1
$\begingroup$

*S follows a process $dS= mSdt + oSdz$ where m and o are constant.

What is the probability followed by $ Y=(Se)^{(r-t)} $.

If S follows a process $ dS= k (b-S) dt + oSdz $ where k, b, o are constant.

What’s the process followed by $Y =S^2$ ?

$\endgroup$
  • $\begingroup$ This looks like an application for Ito's Lemma. $\endgroup$ – SmallChess Dec 8 '15 at 5:22
  • $\begingroup$ what is $〖Se〗^{(r-t)}$? Is it $(Se)^{(r-t)}$? $\endgroup$ – Gordon Dec 8 '15 at 14:11
  • $\begingroup$ In addition, what does probability mean? Do you mean probability distribution? or the dynamics? $\endgroup$ – Gordon Dec 8 '15 at 14:58
  • $\begingroup$ yes it is written as you posted it. I mean the probability distribution $\endgroup$ – Sandro Dec 9 '15 at 15:21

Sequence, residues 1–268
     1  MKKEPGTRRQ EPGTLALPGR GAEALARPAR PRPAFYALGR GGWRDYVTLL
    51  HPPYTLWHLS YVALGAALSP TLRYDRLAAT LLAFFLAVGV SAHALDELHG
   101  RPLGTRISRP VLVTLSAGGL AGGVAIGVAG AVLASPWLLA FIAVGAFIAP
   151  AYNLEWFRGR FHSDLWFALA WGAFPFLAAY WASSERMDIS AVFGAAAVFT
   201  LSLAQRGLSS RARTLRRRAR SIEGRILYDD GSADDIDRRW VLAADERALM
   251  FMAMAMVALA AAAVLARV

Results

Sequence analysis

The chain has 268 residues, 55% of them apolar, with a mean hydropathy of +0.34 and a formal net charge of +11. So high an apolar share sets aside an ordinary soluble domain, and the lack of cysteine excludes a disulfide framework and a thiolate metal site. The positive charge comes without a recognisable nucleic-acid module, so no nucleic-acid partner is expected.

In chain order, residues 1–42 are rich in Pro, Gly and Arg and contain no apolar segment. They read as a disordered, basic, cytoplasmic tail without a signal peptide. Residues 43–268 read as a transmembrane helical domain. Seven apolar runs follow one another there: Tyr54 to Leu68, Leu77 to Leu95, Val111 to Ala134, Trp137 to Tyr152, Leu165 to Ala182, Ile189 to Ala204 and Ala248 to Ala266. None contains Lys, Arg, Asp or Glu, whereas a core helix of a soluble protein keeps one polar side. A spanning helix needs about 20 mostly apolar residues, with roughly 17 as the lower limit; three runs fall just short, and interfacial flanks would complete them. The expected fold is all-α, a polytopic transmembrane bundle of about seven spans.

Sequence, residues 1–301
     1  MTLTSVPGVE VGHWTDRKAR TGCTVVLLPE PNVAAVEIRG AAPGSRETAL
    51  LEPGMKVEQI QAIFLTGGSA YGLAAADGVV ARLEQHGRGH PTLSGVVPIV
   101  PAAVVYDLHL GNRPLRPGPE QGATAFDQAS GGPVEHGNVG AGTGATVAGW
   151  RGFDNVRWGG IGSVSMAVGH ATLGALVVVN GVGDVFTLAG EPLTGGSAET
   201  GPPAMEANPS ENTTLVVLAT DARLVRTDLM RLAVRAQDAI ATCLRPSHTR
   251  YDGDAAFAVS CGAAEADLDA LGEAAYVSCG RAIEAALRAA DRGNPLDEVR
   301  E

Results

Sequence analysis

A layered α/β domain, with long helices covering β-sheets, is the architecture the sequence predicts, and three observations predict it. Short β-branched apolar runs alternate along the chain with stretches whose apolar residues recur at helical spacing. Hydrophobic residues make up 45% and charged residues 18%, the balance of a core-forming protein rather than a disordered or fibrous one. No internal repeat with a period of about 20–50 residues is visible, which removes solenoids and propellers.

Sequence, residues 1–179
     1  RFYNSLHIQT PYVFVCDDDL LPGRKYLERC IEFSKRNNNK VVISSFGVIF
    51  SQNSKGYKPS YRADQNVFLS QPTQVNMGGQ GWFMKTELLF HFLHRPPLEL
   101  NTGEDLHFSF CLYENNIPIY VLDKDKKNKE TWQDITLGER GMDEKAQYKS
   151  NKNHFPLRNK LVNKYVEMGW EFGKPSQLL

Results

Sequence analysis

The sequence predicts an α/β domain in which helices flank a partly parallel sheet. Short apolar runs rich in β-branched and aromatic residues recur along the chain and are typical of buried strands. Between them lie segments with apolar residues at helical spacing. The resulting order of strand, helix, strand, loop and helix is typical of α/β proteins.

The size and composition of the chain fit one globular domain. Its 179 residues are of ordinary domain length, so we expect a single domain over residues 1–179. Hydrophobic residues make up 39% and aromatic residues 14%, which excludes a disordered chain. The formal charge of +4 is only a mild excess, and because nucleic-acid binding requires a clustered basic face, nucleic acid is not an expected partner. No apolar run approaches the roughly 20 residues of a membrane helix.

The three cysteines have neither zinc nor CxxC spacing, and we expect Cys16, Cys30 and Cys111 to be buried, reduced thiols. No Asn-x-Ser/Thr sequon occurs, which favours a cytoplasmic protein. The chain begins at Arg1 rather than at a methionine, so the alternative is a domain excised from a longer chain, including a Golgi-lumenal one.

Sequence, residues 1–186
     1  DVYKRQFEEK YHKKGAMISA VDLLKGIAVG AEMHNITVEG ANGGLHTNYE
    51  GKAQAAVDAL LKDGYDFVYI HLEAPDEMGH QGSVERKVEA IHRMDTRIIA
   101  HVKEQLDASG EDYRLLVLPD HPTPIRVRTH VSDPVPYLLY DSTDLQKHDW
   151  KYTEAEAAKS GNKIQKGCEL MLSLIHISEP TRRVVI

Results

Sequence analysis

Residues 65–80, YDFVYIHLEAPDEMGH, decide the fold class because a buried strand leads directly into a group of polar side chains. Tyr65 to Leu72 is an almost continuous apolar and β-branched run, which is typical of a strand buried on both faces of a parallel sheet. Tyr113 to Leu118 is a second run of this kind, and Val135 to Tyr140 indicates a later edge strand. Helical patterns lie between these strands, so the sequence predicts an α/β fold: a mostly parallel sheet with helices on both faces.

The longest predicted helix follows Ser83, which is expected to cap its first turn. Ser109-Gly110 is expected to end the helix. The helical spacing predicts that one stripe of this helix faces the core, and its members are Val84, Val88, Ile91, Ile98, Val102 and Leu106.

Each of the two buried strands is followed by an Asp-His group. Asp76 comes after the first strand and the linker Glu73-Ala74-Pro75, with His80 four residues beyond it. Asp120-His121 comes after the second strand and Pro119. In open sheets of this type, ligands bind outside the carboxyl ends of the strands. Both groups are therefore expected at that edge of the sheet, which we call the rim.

1
$\begingroup$

Not sure I fully understand your question. However, I'd suggest using the Ito's lemma (second equation on wikipedia page https://en.wikipedia.org/wiki/It%C3%B4%27s_lemma) to solve for dY. In both cases, dY will have both a drift term and a stochastic term. The coefficient of the stochastic term will indicate what sort of probability process Y follows.

e.g., in the first case, you'll get something like dY = [ (m-1)Y ]dt + [ rY ]dW, implying log-normal distribution for Y.

$\endgroup$
1
$\begingroup$

The first part has already been answer by @Uditg_ucla, so I am only providing answer of your 2nd part.

Rewriting your SDE in more sophisticated way: $$dS=k(b-S)dt+\sigma S dz$$ You want SDE for $S^2$. Using Taylor series, it can be written as: $$df(S)=f'(S)dS + \frac{1}{2!}f''(S)(dS)^2+\cdots$$ $$df(S)=2SdS+(dS)^2$$ $$df(S)=2S[k(b-S)dt+\sigma S dz]+\sigma^2 S^2 dt$$ $$df(S)=\bigg(2Sk(b-S)+\sigma^2S^2\bigg)dt+2\sigma S^2dz$$ since $Y=S^2$, so replacing $S^2$ from $Y$, $$dY=\bigg(2k(b\sqrt{Y}-Y)+\sigma^2Y\bigg)dt+2\sigma Y dz$$ desired SDE...

$\endgroup$

Your Answer

By clicking “Post Your Answer”, you agree to our terms of service, privacy policy and cookie policy

Not the answer you're looking for? Browse other questions tagged or ask your own question.